These tarantulas prefer semi-humid climates, and are obligate terrestrial burrowers. As with all closely related tarantula species, they defend themselves with urticating hair when provoked. They are not the easiest species to keep in captivity and should be only considered as pets once comfortable with keeping several other species.
Appearance and characteristics
The Mexican Fireleg resembles its better known relative, Mexican redknee tarantula (Brachypelma smithi) in its dramatic orange and black coloration. Though the adults of the species range from 5 to 6 inches in size. This species of tarantula has a slower growth rate than many of the larger South American tarantula species. The black femora (or upper legs) provide a dark dividing band between the rich orange color of the carapace and lower legs. Unlike the orange joints of Brachypelma smithi, the beautifully colored legs of this species are a bright, ‘fiery’ red on the patellae (or knees), fading gradually to a paler orange further down and tipped by black tarsi (or feet). Although not particularly defensive, this species of spider can have a nervous temperament, where the spider can flick urticating hairs when it feels threatened.
Range and habitat
The Mexican Fireleg tarantula is native to Mexico, where it is found along the central Pacific coast in western Guerrero State, where it prefers dry scrubland, and is found in burrows, either self-made or abandoned rodent or lizard burrows, usually under rocks or fallen logs.
Tarantulas of this genus are long-lived, with males reaching maturity at seven to eight years, females at nine to ten. While males only live up to a year after their final molt, females may live for a further ten years. Sub-adults and adults molt at the end of the dry season (November to June), after which males begin their search for mating females. The mating, time spent gravid and the egg sac is laid after the female molts. If the female molts prior to laying the sac, the eggs and sperm are lost with the molt. If the egg sac is successful it will generally hatch three to four weeks before the rainy season begins. Mexican Fireleg tarantulas tend to be active after dark, but can also be active during daylight, particularly in the morning and evening.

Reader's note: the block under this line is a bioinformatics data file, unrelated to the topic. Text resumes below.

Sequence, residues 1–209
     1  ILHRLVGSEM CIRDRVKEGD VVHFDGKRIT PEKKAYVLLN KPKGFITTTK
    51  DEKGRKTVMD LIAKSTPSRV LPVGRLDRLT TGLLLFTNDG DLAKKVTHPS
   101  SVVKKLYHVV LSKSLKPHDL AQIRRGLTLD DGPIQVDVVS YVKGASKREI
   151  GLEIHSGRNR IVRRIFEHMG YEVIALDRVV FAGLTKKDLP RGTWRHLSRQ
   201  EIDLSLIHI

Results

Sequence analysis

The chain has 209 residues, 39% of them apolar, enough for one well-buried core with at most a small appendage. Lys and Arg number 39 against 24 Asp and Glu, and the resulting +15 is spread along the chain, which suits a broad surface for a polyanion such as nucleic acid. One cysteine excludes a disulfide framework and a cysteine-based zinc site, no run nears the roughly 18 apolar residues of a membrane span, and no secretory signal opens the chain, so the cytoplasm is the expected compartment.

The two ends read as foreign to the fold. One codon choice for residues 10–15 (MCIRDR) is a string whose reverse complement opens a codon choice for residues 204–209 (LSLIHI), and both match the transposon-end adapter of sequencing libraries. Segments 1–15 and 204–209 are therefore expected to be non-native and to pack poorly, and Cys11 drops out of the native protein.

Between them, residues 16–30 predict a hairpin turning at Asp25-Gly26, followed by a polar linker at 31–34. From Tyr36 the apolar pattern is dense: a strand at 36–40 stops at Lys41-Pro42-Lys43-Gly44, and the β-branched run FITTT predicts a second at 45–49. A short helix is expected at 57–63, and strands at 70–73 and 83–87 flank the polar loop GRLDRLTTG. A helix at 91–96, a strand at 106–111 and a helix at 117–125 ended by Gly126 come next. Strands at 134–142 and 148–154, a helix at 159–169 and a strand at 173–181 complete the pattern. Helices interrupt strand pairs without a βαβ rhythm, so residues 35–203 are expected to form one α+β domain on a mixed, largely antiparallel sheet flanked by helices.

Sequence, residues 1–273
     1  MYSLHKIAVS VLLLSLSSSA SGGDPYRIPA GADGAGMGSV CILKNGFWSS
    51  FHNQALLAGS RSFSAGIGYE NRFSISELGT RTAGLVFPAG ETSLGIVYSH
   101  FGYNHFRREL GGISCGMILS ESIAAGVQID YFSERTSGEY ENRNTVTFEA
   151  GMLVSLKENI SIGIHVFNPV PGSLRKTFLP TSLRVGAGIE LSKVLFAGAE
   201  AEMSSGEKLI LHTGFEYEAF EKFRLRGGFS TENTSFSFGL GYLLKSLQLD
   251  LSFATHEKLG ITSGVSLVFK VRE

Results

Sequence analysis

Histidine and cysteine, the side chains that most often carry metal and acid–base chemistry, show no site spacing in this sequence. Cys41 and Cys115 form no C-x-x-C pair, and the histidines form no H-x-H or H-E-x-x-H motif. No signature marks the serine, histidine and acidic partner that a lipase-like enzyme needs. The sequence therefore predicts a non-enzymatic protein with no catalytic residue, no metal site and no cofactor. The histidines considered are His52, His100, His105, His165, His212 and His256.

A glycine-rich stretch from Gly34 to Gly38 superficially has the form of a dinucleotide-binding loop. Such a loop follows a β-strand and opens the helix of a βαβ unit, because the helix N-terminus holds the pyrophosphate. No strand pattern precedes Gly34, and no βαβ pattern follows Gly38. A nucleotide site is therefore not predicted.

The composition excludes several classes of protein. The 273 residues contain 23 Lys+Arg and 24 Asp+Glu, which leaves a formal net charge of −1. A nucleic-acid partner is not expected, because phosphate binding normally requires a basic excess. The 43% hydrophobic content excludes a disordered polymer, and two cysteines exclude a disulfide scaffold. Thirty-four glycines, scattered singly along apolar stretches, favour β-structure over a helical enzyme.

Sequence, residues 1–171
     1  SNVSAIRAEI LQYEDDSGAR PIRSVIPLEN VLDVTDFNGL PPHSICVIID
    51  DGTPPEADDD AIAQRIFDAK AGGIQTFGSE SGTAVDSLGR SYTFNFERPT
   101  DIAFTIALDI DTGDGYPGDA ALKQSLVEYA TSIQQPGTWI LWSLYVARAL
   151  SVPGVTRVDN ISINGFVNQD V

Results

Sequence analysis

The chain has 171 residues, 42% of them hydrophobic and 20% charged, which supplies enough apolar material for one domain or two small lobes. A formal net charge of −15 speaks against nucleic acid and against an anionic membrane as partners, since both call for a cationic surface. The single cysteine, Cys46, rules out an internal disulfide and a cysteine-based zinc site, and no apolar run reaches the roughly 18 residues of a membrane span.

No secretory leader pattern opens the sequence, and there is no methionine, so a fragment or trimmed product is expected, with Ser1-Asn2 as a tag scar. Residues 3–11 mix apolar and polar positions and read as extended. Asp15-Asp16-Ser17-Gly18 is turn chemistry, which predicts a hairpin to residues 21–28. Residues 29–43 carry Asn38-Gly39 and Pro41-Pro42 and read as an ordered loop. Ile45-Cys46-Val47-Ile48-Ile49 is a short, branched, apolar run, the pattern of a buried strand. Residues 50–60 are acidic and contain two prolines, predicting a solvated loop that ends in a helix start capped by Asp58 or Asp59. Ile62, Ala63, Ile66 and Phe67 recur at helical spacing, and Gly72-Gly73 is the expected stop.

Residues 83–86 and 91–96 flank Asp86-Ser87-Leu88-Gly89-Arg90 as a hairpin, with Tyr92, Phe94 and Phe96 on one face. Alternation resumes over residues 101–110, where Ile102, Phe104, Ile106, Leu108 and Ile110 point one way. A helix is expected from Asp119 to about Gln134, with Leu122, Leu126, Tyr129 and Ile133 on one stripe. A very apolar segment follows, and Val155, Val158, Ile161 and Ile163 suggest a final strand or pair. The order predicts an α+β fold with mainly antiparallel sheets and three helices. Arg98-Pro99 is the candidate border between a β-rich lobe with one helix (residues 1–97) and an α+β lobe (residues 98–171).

As with other Brachypelma species from the west coast of Mexico, this species makes a popular pet due to its docility and vivid colours, sadly leading to its over collection from the wild. The illegal pet trade, together with the ongoing destruction of natural habitat and its high mortality rate before sexual maturity, causes considerable concern for the future of this tarantula.
To regulate its commercial trade across borders, this species has been listed on Appendix II of the Convention on International Trade in Endangered Species (CITES). In Mexico, permits are required to collect or remove any spider of the family of tarantulas, Theraphosidae and the Mexican Fireleg tarantula is now frequently bred in captivity, reducing the need to collect it from the wild.
In captivity, adult Brachypelma Boehmei usually feed on crickets, super meal worms, meal worms, and dubia roaches. Spiderlings will usually feed on pre-killed mealworms, pinhead crickets, baby dubia roaches, wingless fruit flies, and any other small insects which are not defensive.
When keeping tarantulas as a hobby,note that Brachypelma Boehmei and many other tarantulas are endangered species and only captive-bred (farm-bred or home-bred) tarantulas rather than wild-caught ones should be kept.
This article incorporates text from the ARKive fact-file "Mexican rustleg tarantula" under the Creative Commons Attribution-ShareAlike 3.0 Unported License and the GFDL.
- The Omaha Newspapers
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- Locht, A., Yáñez, M. and Vázquez, I. (1999). "Distribution and natural history of Mexican species of Brachypelma and Brachypelmides (Theraphosidae, Theraphosinae) with morphological evidence to support their synonymy". The Journal of Arachnology 27 (1): 196–200.
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- West, R. (2005). "The Brachypelma of Mexico". Journal of the British Tarantula Society 20 (4): 108–119.
- West, R. (2008) Pers. comm.
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